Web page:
Holland's intelligence services are issuing a special "how to avoid
spies" pamphlet for government officials, politicians and business leaders
who travel outside the country. The pamphlet, titled (in English) "Spying
risks when travelling abroad" gives some of the same advice corporations
are providing to their key people. Things like don't discuss sensitive material
in a public place, especially an airplane or train. Be careful with people who
strike up a conversation with you. Skilled spies can "interrogate"
you without your realizing it. There are also warnings about carrying around
classified documents when you don't have to. That's old news that needs
problem is sensitive date stored on cell phones, thumb drives (USB devices with
flash memory) and laptops. In many
organizations, users are allowed to put whatever they want on their cell phones
and laptops. Otherwise, when these items get stolen (sometimes on purpose),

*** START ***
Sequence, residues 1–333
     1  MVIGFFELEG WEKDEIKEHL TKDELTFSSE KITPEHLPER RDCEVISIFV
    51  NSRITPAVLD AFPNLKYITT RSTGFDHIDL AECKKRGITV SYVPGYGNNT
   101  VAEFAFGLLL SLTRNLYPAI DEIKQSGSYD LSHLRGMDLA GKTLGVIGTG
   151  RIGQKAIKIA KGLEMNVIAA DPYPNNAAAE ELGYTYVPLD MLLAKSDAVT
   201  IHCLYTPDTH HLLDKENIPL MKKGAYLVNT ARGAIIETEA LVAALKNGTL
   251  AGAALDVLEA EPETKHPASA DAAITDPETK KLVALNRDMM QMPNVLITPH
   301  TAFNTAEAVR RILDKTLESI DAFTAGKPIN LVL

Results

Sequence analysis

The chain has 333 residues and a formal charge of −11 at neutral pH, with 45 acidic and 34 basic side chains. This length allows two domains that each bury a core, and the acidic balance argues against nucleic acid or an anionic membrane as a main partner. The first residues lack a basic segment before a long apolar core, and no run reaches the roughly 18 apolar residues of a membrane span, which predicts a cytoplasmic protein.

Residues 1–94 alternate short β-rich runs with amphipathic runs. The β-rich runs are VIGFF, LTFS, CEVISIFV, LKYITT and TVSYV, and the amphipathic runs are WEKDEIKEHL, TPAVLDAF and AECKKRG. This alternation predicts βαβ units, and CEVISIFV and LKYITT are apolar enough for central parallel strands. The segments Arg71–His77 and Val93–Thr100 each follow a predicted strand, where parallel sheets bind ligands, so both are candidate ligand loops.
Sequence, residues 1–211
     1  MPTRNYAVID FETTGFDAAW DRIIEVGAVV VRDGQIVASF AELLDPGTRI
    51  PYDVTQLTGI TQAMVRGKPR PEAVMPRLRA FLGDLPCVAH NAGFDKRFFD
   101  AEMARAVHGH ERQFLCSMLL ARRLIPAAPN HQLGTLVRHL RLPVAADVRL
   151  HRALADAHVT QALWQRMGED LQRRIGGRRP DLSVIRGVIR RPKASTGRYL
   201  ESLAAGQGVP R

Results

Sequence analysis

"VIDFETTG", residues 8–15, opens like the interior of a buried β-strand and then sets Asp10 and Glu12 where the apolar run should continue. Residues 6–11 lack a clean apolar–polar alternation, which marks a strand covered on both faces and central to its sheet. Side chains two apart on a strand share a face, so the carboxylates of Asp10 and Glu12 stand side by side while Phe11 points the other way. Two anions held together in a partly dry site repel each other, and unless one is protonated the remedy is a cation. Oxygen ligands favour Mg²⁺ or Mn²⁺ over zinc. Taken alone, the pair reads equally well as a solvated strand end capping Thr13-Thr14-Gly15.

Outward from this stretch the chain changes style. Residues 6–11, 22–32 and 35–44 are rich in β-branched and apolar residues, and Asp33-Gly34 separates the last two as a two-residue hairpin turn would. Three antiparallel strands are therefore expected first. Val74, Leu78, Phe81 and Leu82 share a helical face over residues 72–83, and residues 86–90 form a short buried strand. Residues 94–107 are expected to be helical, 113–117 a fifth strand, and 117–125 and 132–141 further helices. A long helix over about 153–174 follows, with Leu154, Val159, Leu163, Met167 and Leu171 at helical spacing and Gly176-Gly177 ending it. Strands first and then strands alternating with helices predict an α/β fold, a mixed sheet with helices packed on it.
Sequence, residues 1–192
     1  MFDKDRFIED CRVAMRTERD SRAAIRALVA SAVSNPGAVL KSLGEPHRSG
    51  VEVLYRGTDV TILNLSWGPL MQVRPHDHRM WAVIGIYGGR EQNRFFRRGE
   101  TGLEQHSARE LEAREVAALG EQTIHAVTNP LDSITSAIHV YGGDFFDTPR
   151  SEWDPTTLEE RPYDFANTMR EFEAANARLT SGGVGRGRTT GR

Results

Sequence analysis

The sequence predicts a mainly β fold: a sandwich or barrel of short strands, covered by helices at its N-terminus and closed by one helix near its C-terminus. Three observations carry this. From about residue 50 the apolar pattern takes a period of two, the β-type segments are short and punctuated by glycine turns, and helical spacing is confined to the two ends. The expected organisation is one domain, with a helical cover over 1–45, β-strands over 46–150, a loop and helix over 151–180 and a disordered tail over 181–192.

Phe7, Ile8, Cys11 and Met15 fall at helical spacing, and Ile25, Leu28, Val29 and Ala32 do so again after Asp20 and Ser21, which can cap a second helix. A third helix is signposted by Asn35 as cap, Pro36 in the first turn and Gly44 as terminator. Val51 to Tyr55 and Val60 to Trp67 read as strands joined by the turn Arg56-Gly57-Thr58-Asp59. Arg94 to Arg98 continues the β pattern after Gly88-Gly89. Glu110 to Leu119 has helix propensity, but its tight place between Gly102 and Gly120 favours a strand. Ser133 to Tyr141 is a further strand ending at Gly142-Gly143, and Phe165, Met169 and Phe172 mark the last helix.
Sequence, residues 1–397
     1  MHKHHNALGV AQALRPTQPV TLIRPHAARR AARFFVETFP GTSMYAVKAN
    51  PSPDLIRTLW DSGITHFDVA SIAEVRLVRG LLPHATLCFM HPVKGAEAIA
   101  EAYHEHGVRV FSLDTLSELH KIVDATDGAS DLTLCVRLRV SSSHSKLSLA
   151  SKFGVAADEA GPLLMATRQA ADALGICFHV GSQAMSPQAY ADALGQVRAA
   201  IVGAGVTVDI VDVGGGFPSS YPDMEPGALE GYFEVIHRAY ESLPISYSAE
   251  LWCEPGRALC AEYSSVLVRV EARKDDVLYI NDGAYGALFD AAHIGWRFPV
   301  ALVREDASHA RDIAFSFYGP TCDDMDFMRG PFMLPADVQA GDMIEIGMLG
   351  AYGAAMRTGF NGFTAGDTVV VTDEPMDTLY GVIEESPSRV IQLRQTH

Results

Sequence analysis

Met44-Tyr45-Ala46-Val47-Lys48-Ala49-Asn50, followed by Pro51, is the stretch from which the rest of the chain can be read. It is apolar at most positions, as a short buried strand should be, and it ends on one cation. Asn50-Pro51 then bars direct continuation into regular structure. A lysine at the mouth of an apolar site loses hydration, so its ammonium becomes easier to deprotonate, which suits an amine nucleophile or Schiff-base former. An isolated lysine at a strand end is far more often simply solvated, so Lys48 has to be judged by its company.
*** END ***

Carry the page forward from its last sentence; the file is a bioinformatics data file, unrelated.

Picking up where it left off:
there is much grief and recrimination. Nearly half of senior government and
corporate officials now use "smart phones," (like the iPhone), which
are basically cell phones with laptop computer capabilities. In other words,
you can store lots of data on a smart phone, and these devices are easy to
misplace, or be stolen. While encryption is available on thumb drives and lap
tops, it is slower to come to smart phones. It's available, it's just more
difficult to implement, and get users to cooperate.
will serve as a good list of things many people will continue to do. Getting
users of sensitive information to change their data security habits has never
been easy, and never will be.